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in, are they going toward putting more at home testing going on shelves in retail settings or will the be distributed to workplaces and schools? >> a good question. what the contracts allow for, the purchases, commitments by the u.s. government, it allows the manufacturers to have the confidence in the demand to scale up their production. so yes, the u.s. government will purchase tests and distribute them to community health centers , food pantries and other places across the country. but what this does on top of that is expand the production so that there are many more available at-home tests for consumers and employers if they want to purchase them. it is an expansion of the industrial base so that more manufacturing occurs based on the u.s.' commitment to the
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testing sector. next question. >> caitlin collins from cnn. >> thanks so much and things for doing this. two questions. one, are you worried that widespread at home testing is going to affect the public tracking of cases, and are you asking people to report their own positive cases question mark and secondly, is this a guarantee from the government that from now on, inexpensive, rapid testing is widely available given the numbers -- the number still seems low if this is going into the idea of people testing on a regular basis while they are at home question mark --? >> dr. walensky? dr. walenksy: thank you. we continue to track pcr's and pcr pups to the test positivity.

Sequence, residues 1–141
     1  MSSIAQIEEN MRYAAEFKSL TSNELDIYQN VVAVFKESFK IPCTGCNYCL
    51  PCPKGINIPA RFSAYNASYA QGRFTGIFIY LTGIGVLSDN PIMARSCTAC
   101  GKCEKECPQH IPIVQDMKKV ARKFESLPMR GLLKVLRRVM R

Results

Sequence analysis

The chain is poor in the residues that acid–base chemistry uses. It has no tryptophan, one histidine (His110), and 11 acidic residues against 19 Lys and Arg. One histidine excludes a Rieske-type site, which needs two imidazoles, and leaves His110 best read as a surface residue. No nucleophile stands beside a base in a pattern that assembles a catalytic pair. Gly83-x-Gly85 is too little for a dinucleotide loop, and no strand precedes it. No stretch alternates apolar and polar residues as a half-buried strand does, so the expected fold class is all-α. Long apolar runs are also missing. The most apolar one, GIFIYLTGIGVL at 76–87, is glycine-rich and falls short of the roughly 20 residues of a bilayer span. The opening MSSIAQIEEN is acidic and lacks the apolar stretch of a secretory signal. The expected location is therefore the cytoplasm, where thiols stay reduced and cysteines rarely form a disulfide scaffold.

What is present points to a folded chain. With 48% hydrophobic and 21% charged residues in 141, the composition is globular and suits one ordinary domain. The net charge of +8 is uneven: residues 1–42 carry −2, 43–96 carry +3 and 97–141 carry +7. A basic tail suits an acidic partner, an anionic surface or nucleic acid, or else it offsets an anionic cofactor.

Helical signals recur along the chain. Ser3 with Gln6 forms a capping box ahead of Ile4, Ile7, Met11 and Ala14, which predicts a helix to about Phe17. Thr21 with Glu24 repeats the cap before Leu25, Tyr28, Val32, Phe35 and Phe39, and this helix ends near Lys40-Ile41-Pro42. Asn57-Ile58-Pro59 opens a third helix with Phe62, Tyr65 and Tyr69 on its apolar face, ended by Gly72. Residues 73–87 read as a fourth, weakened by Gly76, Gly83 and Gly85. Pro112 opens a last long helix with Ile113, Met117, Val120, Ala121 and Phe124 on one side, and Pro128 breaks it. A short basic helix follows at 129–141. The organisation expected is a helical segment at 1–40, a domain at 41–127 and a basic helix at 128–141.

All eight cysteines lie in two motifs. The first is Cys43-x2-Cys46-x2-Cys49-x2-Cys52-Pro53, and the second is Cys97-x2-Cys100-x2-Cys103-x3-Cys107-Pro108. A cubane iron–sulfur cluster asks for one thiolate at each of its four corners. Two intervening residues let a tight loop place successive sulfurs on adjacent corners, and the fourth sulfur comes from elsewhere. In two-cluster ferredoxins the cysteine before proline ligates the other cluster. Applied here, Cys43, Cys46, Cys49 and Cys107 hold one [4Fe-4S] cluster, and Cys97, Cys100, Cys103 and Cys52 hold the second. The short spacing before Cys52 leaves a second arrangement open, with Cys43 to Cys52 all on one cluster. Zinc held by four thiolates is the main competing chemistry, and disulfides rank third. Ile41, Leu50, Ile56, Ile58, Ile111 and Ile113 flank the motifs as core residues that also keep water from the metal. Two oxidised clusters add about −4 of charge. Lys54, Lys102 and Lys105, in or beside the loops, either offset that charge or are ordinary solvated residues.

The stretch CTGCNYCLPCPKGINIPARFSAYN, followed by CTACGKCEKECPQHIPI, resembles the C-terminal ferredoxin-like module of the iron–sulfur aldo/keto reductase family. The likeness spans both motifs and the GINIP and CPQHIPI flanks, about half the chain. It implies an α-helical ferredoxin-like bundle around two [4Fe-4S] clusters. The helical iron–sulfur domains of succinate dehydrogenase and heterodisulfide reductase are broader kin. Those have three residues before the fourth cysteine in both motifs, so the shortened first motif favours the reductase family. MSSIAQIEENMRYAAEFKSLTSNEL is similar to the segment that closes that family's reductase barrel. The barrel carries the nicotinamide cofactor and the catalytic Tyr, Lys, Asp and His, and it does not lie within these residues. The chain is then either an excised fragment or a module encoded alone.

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some of these tests work through an app. some of them will confirm by pcr positivity. we continue to track cases and we are relying on people to report positivity. >> it's important when we talk about 200 million at-home rabbit tests, just one part of the testing landscape. we also have lab-based pcr tests as it just described, free pharmacies, that is the 20,000 locations we are expanding to plus another 10,000 sites around the country, schools are doing screening, testing in long-term care facilities and state testing sites. overall, by the end of the year, we will have half a billion tests per month. half of which are these popular, convenient, at-home tests. the bottom line is there has been and there continues to be enough testing capacity in america, we will continue to pull every lever to expand